One of the constants throughout the rise of technology is the automation of work. First, came labor saving machines such as tractors and home appliances and later industrial robots and basic systems to automate things like travel reservations arrived. Today, more advanced robots are even able to work alongside humans in factories.
Yet David Autor, an economist at MIT sees a new era of automation emerging, where the primary division of labor is not blue collar vs. white collar, but routine vs. nonroutine work. In other words, artificial intelligence is quickly automating routine cognitive processes much as industrial era machines automated physical work.
This is a trend that is already very much underway. Smart algorithms are already replacing junior lawyers for legal discovery and companies like Narrative Science can do routine journalistic work, such as summarizing box scores and financial reports. These technologies not only do a very capable job, they can work 24 hours a day without coffee breaks.
Publicis.Sapient helps its clients automate routine processes in a very similar way. For example, an investment bank can use artificial intelligence to automate the very labor intensive process of compiling data from various reports, including industry reports not found in standard databases, and perform an analysis to determine a particular firm’s profitability.
4. Unlocking Unstructured Data
Traditionally, almost all of the data we analyzed was structured data, the kind that gets captured and stored in a database. So we were reasonably good at deriving insights from data generated for that purpose, like sales from a cash register or answers to a consumer survey, but most everything else got lost.
That’s a bigger problem than we realize, because structured data represents only a small part of the information available to us. In fact, it has been estimated that 80% of digital data is unstructured. “Analyzing unstructured data is a small area today, but over the next ten years I think it will be the most impactful,” Sutton says.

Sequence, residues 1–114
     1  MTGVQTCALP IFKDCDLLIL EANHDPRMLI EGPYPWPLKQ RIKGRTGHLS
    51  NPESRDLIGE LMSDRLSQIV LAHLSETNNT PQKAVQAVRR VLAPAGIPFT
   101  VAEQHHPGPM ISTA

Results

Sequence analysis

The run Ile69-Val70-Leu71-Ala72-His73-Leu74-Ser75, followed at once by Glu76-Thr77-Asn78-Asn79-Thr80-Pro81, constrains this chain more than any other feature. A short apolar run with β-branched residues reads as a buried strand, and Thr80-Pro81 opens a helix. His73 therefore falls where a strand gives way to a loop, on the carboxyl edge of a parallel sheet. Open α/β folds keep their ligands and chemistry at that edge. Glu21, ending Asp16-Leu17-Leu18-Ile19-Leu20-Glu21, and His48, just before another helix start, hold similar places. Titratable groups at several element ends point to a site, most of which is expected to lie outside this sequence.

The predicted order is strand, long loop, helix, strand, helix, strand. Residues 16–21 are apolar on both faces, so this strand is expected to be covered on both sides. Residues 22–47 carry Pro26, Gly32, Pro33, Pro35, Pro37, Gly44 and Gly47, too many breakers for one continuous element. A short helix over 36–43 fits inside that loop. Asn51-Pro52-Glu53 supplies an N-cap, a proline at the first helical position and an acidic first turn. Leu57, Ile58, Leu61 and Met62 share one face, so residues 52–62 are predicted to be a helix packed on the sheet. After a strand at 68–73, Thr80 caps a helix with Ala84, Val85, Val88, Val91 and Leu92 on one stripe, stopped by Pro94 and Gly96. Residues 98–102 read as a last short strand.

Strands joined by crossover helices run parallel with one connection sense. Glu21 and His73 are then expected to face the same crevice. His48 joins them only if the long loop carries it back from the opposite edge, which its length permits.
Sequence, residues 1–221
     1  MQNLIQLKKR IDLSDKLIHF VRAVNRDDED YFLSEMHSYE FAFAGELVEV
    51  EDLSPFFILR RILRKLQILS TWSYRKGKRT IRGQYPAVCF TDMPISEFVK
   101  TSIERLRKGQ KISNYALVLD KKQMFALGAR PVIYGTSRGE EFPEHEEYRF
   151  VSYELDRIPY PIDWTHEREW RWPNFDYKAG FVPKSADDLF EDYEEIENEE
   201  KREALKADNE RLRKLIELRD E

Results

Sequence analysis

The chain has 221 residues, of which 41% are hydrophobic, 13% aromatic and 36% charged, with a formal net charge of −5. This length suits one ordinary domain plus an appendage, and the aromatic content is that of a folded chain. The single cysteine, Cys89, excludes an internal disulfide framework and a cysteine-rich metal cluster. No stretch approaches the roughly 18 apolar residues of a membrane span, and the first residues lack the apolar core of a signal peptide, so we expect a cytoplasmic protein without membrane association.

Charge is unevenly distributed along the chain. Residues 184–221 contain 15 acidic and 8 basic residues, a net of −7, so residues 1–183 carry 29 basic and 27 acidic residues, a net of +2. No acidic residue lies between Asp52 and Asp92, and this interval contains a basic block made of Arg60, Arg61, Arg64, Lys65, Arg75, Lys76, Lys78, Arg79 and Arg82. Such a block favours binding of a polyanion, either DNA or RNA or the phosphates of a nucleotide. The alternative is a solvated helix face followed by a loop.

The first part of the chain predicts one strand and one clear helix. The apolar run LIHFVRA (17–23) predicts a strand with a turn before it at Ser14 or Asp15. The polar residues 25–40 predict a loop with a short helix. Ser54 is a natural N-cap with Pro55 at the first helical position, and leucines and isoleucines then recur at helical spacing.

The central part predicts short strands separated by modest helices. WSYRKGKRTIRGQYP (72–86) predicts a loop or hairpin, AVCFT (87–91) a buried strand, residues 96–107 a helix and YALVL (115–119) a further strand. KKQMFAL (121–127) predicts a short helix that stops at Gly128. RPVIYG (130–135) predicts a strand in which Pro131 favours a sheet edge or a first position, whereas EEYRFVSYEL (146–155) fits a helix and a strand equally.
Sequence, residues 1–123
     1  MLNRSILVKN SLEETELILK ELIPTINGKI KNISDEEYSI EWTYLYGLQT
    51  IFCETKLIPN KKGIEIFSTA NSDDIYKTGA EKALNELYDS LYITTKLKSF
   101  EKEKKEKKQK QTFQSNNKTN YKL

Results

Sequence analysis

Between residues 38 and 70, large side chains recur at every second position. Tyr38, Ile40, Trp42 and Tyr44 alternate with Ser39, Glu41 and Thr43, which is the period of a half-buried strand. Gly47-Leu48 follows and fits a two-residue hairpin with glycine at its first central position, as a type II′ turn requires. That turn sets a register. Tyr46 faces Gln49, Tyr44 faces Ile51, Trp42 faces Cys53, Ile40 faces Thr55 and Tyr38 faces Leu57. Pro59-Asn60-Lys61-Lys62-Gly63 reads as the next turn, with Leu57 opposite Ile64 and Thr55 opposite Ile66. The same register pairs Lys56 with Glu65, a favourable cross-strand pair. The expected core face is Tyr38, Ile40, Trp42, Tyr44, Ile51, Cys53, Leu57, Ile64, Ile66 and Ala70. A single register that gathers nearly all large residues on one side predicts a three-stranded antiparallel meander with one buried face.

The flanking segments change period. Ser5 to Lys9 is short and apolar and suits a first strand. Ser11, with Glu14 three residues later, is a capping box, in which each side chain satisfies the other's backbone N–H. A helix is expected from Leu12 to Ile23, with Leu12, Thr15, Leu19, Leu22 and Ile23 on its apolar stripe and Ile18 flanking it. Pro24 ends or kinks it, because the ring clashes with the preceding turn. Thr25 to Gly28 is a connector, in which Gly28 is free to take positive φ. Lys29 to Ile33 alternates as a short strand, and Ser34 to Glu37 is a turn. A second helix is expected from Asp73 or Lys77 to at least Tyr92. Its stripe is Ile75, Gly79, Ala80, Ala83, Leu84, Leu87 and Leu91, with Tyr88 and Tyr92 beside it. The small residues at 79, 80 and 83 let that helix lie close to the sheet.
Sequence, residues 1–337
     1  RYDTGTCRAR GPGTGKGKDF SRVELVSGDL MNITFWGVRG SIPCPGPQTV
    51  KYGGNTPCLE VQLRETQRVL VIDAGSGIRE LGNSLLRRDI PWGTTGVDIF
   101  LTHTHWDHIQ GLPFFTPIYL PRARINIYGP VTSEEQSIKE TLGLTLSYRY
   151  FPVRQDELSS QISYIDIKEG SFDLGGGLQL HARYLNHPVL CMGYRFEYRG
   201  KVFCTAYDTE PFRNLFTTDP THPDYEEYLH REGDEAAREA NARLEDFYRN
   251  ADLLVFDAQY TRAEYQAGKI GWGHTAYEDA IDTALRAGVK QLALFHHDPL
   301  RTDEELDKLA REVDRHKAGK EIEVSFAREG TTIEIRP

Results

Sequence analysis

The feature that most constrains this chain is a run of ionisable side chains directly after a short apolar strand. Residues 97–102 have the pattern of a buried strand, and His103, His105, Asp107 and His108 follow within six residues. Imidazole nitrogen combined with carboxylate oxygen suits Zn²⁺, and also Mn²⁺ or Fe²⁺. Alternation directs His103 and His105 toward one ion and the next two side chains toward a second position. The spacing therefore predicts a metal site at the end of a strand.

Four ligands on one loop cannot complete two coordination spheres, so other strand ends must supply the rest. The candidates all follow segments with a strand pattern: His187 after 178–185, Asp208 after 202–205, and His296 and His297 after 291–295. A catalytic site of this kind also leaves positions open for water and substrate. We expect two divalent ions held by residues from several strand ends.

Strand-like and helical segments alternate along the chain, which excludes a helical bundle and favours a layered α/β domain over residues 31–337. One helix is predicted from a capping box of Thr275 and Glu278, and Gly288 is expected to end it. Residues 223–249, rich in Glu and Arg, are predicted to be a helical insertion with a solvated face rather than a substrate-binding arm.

To understand the how important unstructured data can be, he offered the example of an energy company that needs to lay a gas pipeline. What was built there before? How has the area been used? What problems had arisen in the past? Much of this information resides in old inspection reports and training manuals that have been sitting on a shelf somewhere for years.
Another area of potential is the ability to understand consumer conversations. One company, Mattersight, uses call center conversations to identify customers’ personality types, so that they can be served by someone with a compatible service style. We are really just beginning to unlock the potential of unstructured data.
An Operating System For Data
In 1936, Alan Turing invented the idea of a universal computer, but for a long time it was just that, an idea. Computers were largely specialized machines that were built to perform a very narrow range of tasks, like scientific computations or back office functions such as handling payrolls. In effect, computers were little more than calculating machines.
That began to change in the 1970s when operating systems came into wide usage. That’s what allowed computers to easily switch from running one application to another. Soon after, the rise of personal computing made it possible for someone to easily switch from writing a document, to balancing a budget to shooting aliens in a video game.
We’re at a similar point now. Theoretically, we have access to mountains of data, but practically we have little ability to derive insights from most of it. We are drowning in data more than anything else. That’s the true potential for artificial intelligence, to be an operating system for data so that we can derive its full benefits.
“If the Internet gave us access to on-demand data, an AI-first world will give the world on-demand insight,” Sutton says. We are entering a new era of cognitive collaboration in which machines become far more than just agents to perform tasks, but help us to understand the world and make better decisions.
This article was written by Greg Satell from Forbes and was legally licensed through the NewsCred publisher network.